When a Russian geologist discovered a strange fossil during excavations in the Ural Mountains back in 1899, little did he know that it was just the beginning of what would become an enduring mystery for paleontologists across the globe. For decades, experts tried to decipher not just what kind of creature this spiral-shaped tooth whorl, reminiscent of a chainsaw, had belonged to, but whereabouts on its body it had been located.
Having discovered the first fossil of its kind, Alexander Petrovich Karpinsky named it Helicoprion, meaning “spiral saw.” For on closer inspection he realized that it was actually the fossilized remains of a spiral created by shark-like teeth.
The problem with sharks is that their skeletons are made of cartilage rather than bone, which means that the only part of their body which gets fossilized is its teeth. The riddle for paleontologists, is trying to piece together what an ancient sea creature would have looked like based only on its fossilized fangs. This can explain why it took them so long to solve the mystery.
Fossil of a Helicoprion tooth whorl discovered in Idaho. (James St. John / CC BY 2.0 )
Karpinsky was close when he suggested that the Helicoprion tooth spiral was part of a shark’s mouth, but he originally assumed that it was part of an elephant-like spiraled snout. The American paleontologist Charles Rochester Eastman was skeptical, proposing in 1900 that it was part of the shark’s dorsal fin.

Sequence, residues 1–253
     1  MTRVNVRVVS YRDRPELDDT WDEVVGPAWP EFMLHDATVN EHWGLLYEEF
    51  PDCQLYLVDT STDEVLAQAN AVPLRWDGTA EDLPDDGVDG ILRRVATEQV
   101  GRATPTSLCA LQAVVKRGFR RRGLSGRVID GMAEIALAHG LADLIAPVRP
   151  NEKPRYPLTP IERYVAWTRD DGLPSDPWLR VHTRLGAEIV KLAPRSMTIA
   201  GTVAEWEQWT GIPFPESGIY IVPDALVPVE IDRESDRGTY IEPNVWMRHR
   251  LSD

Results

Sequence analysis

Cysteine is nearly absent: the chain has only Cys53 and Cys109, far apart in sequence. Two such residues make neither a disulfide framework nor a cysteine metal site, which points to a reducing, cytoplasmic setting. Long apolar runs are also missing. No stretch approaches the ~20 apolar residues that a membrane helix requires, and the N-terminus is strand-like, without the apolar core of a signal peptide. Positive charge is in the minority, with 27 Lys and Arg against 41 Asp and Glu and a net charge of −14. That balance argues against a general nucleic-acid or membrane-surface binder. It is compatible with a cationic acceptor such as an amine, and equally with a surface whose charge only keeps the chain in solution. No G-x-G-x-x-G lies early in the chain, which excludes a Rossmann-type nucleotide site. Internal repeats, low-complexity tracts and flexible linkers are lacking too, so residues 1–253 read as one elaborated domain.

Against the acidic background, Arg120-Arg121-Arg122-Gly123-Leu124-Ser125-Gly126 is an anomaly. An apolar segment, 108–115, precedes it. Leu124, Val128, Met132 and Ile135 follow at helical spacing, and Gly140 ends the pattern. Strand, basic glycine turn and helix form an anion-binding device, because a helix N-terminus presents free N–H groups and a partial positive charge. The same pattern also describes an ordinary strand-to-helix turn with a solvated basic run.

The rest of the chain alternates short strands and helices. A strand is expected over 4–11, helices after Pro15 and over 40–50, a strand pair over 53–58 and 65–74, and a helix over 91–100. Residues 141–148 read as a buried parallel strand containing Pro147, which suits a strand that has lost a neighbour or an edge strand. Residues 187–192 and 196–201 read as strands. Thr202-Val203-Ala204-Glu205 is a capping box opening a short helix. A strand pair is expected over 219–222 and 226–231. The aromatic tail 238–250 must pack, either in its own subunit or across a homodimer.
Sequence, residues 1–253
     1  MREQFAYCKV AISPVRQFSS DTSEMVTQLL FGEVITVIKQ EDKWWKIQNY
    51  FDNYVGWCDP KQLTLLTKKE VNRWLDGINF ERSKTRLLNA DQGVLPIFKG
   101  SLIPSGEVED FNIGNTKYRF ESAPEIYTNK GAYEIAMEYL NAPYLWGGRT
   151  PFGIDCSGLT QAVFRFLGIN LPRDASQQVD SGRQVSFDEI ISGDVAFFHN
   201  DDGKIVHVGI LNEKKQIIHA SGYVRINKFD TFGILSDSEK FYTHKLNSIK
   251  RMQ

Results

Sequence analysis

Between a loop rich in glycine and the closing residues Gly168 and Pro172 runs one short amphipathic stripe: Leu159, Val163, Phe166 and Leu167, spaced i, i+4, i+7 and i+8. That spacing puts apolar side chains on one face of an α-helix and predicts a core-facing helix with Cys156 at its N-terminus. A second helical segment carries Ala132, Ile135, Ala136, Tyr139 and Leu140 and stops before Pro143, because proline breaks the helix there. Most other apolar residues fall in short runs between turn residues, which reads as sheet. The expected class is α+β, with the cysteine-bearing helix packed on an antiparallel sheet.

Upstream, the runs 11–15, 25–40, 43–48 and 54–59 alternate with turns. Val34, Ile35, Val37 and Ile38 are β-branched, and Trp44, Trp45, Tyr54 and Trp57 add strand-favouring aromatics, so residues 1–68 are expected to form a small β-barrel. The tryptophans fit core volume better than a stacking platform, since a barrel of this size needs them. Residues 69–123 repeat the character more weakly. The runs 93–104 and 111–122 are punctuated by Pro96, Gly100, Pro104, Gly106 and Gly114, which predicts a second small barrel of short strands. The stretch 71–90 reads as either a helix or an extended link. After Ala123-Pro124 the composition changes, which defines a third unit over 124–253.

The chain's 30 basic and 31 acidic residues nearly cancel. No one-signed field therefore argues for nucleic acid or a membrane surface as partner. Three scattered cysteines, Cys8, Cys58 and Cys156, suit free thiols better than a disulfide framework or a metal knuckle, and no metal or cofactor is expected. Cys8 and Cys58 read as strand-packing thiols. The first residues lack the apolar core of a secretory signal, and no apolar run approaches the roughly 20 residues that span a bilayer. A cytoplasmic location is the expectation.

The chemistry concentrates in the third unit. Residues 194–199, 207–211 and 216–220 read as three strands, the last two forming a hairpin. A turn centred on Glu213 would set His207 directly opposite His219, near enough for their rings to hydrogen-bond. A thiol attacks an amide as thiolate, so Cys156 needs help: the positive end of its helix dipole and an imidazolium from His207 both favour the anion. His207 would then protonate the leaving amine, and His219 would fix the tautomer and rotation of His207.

Over subsequent years, dozens of similar specimens were discovered in far flung locations across the globe. But without any corporal context, experts were forced to continue hypothesizing on the actual location and function of its unusual teeth.
This all changed in 2013, when researchers decided to CT scan a Helicoprion fossil found in Idaho in the 1950s and stored at the Idaho Museum of Natural History. This particular fossil included segments of what was once Helicoprion’s jaw and so they were finally able to understand how the swirl fit into the picture.
Measuring somewhere between four and seven meters long (13 to 23 feet), Helicoprion was actually a kind of cartilaginous eugeneodont fish and not a shark at all. In the middle of its mouth it possessed a remarkable spiral of teeth, which jutted out where you’d expect to see a tongue, much like a chainsaw. Experts now believe that for over 20 million years, Helicoprion’s dental structure was used to saw through its prey or even to remove the shells from hard-bodied cephalopods.
Top image: Until they discovered the true location of its tooth-swirl, there were several theories for how Helicoprion once looked. An outdated Helicoprion reconstruction. (public signage, Field Museum of Natural History, Chicago, Illinois, USA). James St. John / CC by SA 2.0.